What is Enlightenment?
Immanuel Kant, 1784
Immanuel Kant (1724 – 1804) was a German philosopher from the Prussian city of Königsberg
(now Kaliningrad, Russia).
He is one of the most influential thinkers of modern Europe and of
the late Enlightenment.
Enlightenment is man's emergence from his self-imposed immaturity. Immaturity is the inability
to use one's understanding without guidance from another. This immaturity is self-imposed when
its cause lies not in lack of understanding, but in lack of resolve and courage to use it without
guidance from another.
! [dare to know]
"Have courage to use your own
understanding!"--that is the motto of enlightenment.
Laziness and cowardice are the reasons why so great a proportion of men, long after nature has
released them from alien guidance (
), nonetheless gladly remain in
lifelong immaturity, and why it is so easy for others to establish themselves as their guardians. It
is so easy to be immature. If I have a book to serve as my understanding, a pastor to serve as my
conscience, a physician to determine my diet for me, and so on, I need not exert myself at all. I
need not think, if only I can pay: others will readily undertake the irksome work for me. The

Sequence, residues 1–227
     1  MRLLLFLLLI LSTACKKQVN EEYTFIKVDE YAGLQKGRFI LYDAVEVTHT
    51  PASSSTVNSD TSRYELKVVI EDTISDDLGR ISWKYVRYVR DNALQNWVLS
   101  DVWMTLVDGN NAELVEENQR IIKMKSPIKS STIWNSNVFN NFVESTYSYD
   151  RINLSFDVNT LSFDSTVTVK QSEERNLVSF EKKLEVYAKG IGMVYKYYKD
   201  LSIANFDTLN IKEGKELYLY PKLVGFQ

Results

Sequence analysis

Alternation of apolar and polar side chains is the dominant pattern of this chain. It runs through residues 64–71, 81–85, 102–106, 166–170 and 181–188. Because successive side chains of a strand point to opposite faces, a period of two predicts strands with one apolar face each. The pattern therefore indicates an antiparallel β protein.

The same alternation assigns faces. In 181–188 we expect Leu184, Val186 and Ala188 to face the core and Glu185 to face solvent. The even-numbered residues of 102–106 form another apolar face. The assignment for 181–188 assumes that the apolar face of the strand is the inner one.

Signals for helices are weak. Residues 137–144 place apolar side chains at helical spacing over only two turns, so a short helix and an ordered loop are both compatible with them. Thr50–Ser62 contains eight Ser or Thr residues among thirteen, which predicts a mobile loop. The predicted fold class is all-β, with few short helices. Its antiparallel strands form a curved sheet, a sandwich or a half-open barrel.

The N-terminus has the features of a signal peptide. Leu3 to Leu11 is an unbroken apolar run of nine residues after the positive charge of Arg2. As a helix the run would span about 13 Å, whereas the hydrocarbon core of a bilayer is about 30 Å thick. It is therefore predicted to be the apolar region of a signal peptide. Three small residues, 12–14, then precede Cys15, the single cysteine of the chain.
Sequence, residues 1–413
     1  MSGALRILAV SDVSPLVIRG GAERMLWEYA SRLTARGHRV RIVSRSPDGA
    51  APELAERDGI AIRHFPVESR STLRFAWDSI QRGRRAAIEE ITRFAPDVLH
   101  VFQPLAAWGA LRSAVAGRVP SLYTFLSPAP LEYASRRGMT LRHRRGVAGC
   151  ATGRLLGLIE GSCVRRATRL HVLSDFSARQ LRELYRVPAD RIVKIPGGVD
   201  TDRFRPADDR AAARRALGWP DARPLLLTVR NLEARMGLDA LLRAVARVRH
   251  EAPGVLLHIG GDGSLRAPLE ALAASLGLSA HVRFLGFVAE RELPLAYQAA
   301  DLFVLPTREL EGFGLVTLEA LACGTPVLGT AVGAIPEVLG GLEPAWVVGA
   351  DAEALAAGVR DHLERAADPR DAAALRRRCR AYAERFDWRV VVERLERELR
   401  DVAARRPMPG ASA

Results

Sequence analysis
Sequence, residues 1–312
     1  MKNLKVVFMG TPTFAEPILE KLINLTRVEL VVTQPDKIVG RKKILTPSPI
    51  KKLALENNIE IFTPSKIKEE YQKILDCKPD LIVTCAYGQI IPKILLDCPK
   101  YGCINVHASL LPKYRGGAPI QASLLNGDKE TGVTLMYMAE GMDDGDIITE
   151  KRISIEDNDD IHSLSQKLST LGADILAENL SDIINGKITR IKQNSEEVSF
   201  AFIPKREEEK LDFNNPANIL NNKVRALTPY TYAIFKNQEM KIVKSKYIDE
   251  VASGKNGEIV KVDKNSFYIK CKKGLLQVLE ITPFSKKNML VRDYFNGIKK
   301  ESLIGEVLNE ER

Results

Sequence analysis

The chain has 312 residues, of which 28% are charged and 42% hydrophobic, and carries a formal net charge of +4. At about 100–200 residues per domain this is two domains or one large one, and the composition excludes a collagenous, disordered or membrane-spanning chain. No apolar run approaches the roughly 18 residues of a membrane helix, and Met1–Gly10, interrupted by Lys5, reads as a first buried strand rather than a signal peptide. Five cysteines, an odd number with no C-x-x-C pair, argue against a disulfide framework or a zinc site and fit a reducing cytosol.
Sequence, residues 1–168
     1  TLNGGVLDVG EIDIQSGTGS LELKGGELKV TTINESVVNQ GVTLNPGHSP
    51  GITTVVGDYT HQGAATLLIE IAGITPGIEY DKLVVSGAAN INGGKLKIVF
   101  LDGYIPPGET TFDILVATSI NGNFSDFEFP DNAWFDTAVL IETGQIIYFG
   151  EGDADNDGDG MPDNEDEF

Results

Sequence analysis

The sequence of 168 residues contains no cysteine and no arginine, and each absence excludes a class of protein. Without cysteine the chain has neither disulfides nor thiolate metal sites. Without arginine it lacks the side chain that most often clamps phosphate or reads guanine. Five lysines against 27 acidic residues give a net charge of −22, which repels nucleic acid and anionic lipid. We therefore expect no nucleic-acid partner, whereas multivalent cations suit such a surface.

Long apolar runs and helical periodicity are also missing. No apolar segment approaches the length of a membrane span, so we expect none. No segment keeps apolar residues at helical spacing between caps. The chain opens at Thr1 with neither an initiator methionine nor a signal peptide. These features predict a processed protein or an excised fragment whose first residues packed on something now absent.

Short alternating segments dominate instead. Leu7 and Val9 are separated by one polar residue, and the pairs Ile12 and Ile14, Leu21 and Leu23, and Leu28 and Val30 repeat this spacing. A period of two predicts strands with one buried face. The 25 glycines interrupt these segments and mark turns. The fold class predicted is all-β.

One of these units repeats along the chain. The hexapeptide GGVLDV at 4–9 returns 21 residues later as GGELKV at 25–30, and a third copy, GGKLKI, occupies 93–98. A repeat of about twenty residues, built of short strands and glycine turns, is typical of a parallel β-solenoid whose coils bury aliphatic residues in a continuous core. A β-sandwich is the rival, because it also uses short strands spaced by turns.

guardians who have so benevolently taken over the supervision of men have carefully seen to it
that the far greatest part of them (including the entire fair sex) regard taking the step to maturity
as very dangerous, not to mention difficult. Having first made their domestic livestock dumb,
and having carefully made sure that these docile creatures will not take a single step without the
go-cart to which they are harnessed, these guardians then show them the danger that threatens
them, should they attempt to walk alone. Now this danger is not actually so great, for after falling
a few times they would in the end certainly learn to walk; but an example of this kind makes men
timid and usually frightens them out of all further attempts.
Thus, it is difficult for any individual man to work himself out of the immaturity that has all but
become his nature. He has even become fond of this state and for the time being is actually
incapable of using his own understanding, for no one has ever allowed him to attempt it. Rules
and formulas, those mechanical aids to the rational use, or rather misuse, of his natural gifts, are
the shackles of a permanent immaturity. Whoever threw them off would still make only an
uncertain leap over the smallest ditch, since he is unaccustomed to this kind of free movement.
Consequently, only a few have succeeded, by cultivating their own minds, in freeing themselves
from immaturity and pursuing a secure course.
But that the public should enlighten itself is more likely; indeed, if it is only allowed freedom,